Artist Envisions A Place Where Other Artists Could Flourish | Teachers College Columbia University

Skip to content Skip to main navigation
News & Events Header

Teachers College Newsroom

Skip to content Skip to content

Artist Envisions A Place Where Other Artists Could Flourish

Two years ago, Martinez Celaya escaped the bustle of Los Angeles for Delray Beach, a beautiful, safe, and quiet beach town. A successful artist, Celaya now wants to open 20 small and affordable studios inside a two-story building he hopes to construct next to his own studio, which he could rent to working artists who could display their work in a gallery he would open in the same building.
Two years ago, Martinez Celaya escaped the bustle of Los Angeles for Delray Beach, a beautiful, safe, and quiet beach town. A successful artist, Celaya now wants to open 20 small and affordable studios inside a two-story building he hopes to construct next to his own studio, which he could rent to working artists who could display their work in a gallery he would open in the same building.

His idea comes during a time when city officials are looking to turn the city into a mecca for the arts, which could happen through providing affordable work space and affordable housing.

According to the Research Center for Arts and Culture at Teachers College at Columbia University, of 4,000 artists surveyed in 1997, only 28 percent owned their own work space, while 40 percent shared work space with others.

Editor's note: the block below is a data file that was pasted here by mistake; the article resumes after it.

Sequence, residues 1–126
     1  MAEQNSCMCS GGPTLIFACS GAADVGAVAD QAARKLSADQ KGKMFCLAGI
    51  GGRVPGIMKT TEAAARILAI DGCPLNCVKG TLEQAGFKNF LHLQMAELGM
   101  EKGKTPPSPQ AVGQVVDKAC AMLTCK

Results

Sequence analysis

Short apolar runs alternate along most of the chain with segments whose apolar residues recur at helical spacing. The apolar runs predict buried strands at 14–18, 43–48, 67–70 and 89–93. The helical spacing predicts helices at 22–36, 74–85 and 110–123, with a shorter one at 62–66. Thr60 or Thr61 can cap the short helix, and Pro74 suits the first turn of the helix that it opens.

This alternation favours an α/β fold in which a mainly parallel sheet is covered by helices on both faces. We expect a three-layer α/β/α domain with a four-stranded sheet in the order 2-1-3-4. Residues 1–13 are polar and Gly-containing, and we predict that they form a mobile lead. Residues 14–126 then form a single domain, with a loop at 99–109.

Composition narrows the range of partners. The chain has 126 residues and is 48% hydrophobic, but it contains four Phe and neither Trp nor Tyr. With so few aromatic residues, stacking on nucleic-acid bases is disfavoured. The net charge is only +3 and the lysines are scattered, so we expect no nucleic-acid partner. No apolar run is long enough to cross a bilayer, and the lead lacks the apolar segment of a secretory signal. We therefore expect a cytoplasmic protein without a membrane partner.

This article, written by Dianna Smith, appeared in the April 23rd, 2006 publication of The Palm Beach Post.

Published Monday, Apr. 24, 2006

Artist Envisions A Place Where Other Artists Could Flourish

Two years ago, Martinez Celaya escaped the bustle of Los Angeles for Delray Beach, a beautiful, safe, and quiet beach town. A successful artist, Celaya now wants to open 20 small and affordable studios inside a two-story building he hopes to construct next to his own studio, which he could rent to working artists who could display their work in a gallery he would open in the same building.

His idea comes during a time when city officials are looking to turn the city into a mecca for the arts, which could happen through providing affordable work space and affordable housing.

According to the Research Center for Arts and Culture at Teachers College at Columbia University, of 4,000 artists surveyed in 1997, only 28 percent owned their own work space, while 40 percent shared work space with others.

This article, written by Dianna Smith, appeared in the April 23rd, 2006 publication of The Palm Beach Post.

How This Gift Connects The Dots
 
Scholarships & Fellowships
 
Faculty & Programs
 
Campus & Technology
 
Financial Flexibility
 
Engage TC Alumni & Friends